Classification provides a crucial structure for Paralympic sport, without it, meaningful competition could not exist. It was initiated by Sir Ludwig Guttmann for the Stoke Mandeville Games in the 1940s and, over the decades, has gradually shifted from a medical model to a functional classification system. Classification is employed to provide, as far as possible, fair and equal competition. Consequently, the International Paralympic Committee and national Paralympic organisations invest heavily in the classification process, but classification remains one of the most contentious and challenging issues in Paralympic sport.
Classification determines whether an athlete has an appropriate impairment – either physical, visual or intellectual – that qualifies them as eligible for a Para-sport. Not all sports provide opportunities for every impairment. Athletics and swimming are the exceptions with competitive opportunities for all impairments, while a few sports such as cycling cater for two impairments, and the majority of sports – such as goalball for those with a visual impairment, and wheelchair rugby and basketball for those with a physical impairment – run events for a single impairment.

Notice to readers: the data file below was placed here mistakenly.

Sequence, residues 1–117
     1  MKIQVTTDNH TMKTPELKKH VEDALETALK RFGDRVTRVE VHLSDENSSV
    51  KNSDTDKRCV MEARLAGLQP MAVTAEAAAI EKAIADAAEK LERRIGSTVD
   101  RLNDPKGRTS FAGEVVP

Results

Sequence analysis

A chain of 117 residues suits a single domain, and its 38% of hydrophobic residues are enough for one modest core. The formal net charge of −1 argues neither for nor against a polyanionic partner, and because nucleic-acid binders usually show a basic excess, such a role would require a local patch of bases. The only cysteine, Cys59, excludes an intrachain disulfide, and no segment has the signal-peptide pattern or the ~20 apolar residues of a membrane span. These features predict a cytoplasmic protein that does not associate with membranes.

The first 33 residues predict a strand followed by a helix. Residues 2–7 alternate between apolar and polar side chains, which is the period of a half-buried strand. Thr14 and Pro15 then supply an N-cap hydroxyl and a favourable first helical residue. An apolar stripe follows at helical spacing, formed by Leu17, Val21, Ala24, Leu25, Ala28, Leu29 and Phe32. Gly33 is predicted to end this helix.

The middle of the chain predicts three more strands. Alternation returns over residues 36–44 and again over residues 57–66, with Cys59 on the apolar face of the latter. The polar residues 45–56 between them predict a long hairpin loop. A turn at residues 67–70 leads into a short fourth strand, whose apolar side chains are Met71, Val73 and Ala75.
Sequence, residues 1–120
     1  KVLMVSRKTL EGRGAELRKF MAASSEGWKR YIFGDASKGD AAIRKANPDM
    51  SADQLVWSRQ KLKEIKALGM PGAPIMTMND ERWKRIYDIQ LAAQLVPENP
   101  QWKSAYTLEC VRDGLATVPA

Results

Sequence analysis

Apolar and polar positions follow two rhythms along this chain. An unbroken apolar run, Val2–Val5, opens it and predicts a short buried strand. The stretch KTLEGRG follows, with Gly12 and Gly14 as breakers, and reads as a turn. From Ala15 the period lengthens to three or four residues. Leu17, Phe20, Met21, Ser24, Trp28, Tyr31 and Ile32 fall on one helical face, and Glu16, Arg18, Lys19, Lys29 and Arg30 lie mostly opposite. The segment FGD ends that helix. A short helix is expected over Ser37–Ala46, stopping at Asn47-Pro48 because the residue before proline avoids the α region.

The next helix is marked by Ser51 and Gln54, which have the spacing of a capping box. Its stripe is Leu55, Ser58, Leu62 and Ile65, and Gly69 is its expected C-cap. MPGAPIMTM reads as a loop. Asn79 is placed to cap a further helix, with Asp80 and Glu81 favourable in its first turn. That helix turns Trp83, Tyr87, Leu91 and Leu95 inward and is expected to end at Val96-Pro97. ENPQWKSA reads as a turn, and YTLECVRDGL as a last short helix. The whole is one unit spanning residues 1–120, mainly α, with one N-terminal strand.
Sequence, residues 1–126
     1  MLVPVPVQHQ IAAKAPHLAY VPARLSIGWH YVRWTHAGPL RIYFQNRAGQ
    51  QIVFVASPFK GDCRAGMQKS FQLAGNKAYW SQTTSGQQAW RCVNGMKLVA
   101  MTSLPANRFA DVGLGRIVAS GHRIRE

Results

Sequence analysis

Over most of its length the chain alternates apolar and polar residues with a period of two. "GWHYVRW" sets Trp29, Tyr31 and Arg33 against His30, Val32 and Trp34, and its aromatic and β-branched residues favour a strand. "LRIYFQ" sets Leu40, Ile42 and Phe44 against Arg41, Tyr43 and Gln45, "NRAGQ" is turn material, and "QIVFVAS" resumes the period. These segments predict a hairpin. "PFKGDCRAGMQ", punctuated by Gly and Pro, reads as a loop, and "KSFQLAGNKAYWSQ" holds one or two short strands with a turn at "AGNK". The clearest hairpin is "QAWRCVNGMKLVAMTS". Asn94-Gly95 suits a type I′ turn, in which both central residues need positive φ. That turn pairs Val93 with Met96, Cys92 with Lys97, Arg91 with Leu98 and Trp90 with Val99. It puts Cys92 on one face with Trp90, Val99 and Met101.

The next component of classification determines the class of each athlete within their sport. This process decides who can compete against each other in individual sports and the construction of teams in sports like basketball, rugby and sitting volleyball. Classification into classes is based on a functional system (sport specific) or a more general classification system.
The functional system is based on an athlete’s capacity in a specific sport. In swimming, there are ten classes for athletes with a physical impairment, and functional capacity overrides physical impairment type resulting in swimming races containing athletes with a spinal cord injury, cerebral palsy and limb deficiency. Functional classification is central to team sports. An athlete’s ability to carry out a specific task in a sport, like catching a ball in wheelchair rugby, determines their rating. Each player is assigned a point rating and teams are restricted to ceilings for total points during games to provide equal competition.
In addition to functional classification, there is a general classification system primarily for visually impaired and intellectually disabled athletes that takes into account the type and degree of impairment associated with each individual athlete. In swimming, for example, this results in three classes for athletes with a visual impairment and one class for those with an intellectual impairment, in addition to the ten classes for those with a physical impairment.
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